U.S. Forest Service faces watered-down directive from General Assembly on water rights of ski areas

The Colorado Statesman

In its waning days, the General Assembly is preparing to tell the U.S. Forest Service “hands off” on the water rights held by Colorado’s 22 ski areas. However, the measures introduced to do that have been substantially watered down in recent weeks.

More than 100 ski areas in 13 states lease national forest lands under special use permits granted by the Forest Service. Ski areas then must obtain water rights for those lands under applicable state laws. Throughout the last 30 years, the Forest Service has issued clauses in those leases, requiring the ski areas to obtain the water rights in the name of the United States. However, the Forest Service hasn’t strictly followed that policy, and many ski areas obtained the water rights without putting the federal government in as an owner. In 2004, the Forest Service issued a new clause that put the water rights jointly under the federal government and the ski area. Ski areas that obtained leases prior to 2004 were free to keep the water rights they obtained; that pertains to most of Colorado’s ski areas.

In November 2011, and in the following March, the Forest Service issued a directive regarding the leases. That directive required, as a condition of renewing the permit, that all ski areas must transfer ownership of water rights to the federal government. The ski areas claimed that such a directive violates Colorado water law and the Colorado constitution.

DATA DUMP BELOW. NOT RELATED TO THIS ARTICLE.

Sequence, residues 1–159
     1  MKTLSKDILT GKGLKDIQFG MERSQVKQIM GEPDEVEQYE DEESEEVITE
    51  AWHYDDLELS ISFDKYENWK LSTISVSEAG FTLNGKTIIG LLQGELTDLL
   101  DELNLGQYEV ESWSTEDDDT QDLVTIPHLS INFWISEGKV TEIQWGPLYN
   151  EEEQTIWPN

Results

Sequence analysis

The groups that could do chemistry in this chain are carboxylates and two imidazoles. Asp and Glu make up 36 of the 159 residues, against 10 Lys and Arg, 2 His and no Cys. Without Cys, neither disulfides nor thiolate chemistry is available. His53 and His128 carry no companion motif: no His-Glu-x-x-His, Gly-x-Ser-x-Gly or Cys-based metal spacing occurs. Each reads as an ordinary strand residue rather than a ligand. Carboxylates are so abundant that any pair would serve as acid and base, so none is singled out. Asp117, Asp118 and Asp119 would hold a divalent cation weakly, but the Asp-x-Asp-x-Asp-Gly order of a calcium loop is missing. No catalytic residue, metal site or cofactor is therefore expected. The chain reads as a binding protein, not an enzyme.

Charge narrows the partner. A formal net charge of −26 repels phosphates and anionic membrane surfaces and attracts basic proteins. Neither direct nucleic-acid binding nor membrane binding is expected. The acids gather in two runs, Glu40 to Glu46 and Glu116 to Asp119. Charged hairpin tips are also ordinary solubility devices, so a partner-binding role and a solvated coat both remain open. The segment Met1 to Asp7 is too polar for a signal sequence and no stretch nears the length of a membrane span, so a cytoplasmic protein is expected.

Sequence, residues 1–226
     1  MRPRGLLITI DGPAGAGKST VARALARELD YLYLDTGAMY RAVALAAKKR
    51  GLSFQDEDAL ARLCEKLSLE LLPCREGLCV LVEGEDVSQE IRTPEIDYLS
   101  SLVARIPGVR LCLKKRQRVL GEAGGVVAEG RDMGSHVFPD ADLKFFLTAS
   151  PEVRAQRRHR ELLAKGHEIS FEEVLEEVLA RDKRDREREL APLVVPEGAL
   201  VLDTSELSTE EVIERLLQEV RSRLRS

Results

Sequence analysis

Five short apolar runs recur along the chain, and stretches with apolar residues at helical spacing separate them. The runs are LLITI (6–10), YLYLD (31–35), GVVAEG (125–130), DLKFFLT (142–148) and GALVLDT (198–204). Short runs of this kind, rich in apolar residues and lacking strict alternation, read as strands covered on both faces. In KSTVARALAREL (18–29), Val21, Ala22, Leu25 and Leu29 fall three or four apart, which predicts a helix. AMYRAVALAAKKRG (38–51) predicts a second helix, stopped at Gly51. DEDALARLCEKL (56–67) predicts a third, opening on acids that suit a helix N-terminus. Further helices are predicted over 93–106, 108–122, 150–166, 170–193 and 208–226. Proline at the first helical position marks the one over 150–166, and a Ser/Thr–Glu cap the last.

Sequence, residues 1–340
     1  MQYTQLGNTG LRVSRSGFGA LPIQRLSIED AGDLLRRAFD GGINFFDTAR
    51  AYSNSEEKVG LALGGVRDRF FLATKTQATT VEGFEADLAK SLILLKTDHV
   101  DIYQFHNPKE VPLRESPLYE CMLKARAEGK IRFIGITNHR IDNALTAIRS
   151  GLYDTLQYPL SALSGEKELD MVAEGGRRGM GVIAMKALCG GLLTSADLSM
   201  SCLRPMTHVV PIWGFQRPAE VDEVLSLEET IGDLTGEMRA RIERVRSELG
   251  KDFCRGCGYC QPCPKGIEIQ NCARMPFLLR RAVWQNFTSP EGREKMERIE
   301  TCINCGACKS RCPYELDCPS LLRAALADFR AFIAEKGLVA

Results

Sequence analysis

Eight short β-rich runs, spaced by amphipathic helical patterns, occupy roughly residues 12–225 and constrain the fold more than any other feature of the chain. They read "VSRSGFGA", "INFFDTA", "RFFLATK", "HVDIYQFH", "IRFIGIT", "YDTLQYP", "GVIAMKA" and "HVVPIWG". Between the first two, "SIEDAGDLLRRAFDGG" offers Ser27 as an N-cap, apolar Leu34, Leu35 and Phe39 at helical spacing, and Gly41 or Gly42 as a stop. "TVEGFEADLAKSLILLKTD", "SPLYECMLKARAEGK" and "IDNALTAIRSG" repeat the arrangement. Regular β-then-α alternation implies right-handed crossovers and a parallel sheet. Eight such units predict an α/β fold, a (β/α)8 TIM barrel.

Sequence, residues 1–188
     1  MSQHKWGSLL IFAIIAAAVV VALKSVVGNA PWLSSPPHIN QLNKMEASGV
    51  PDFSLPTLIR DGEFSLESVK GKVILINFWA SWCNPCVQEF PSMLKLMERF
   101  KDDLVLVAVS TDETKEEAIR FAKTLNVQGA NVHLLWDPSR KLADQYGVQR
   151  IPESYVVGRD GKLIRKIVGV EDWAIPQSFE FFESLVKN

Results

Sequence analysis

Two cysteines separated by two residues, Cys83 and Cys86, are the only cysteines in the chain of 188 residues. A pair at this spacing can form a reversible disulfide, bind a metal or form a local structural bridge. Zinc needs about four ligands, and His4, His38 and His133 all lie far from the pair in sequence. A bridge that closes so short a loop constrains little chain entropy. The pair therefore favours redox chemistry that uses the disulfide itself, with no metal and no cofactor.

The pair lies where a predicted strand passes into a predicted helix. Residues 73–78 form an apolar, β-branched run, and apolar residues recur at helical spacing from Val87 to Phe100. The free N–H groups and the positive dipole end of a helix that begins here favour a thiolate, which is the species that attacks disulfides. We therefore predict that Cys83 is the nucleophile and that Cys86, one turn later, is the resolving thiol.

That led to a US District Court lawsuit against the Forest Service, filed by the Lakewood-based National Ski Areas Association. Last December, Judge William Martinez ruled in favor of the NSAA, but not on the substantive water law issue. Instead, Martinez said the Forest Service had failed to follow federal government policies on the formation of administrative procedures. The Court ordered the Forest Service to withdrawn the directive. In January, they pledged to start over.

Last week, the Forest Service began the public process of reviewing the directive, holding public meetings in several western locations, including Lakewood.

The ski areas also took their concerns to the legislature’s Interim Water Resources Review Committee last September. The committee followed up with a letter on September 27 to U.S. Secretary of Agriculture Tom Vilsack, asking that the directive be withdrawn and that the Forest Service work with the ski areas on a water policy that would meet the needs of all the interested parties and the affected states.

The committee noted that the directive violates Colorado’s laws on administration and allocation of water rights. But the committee also noted a similar directive, issued in 2011, that they said would affect more than just the ski areas. Because of how water originates on forest lands, the committee said, the 2011 directive could also impact agricultural interests, mining, timber and tourism.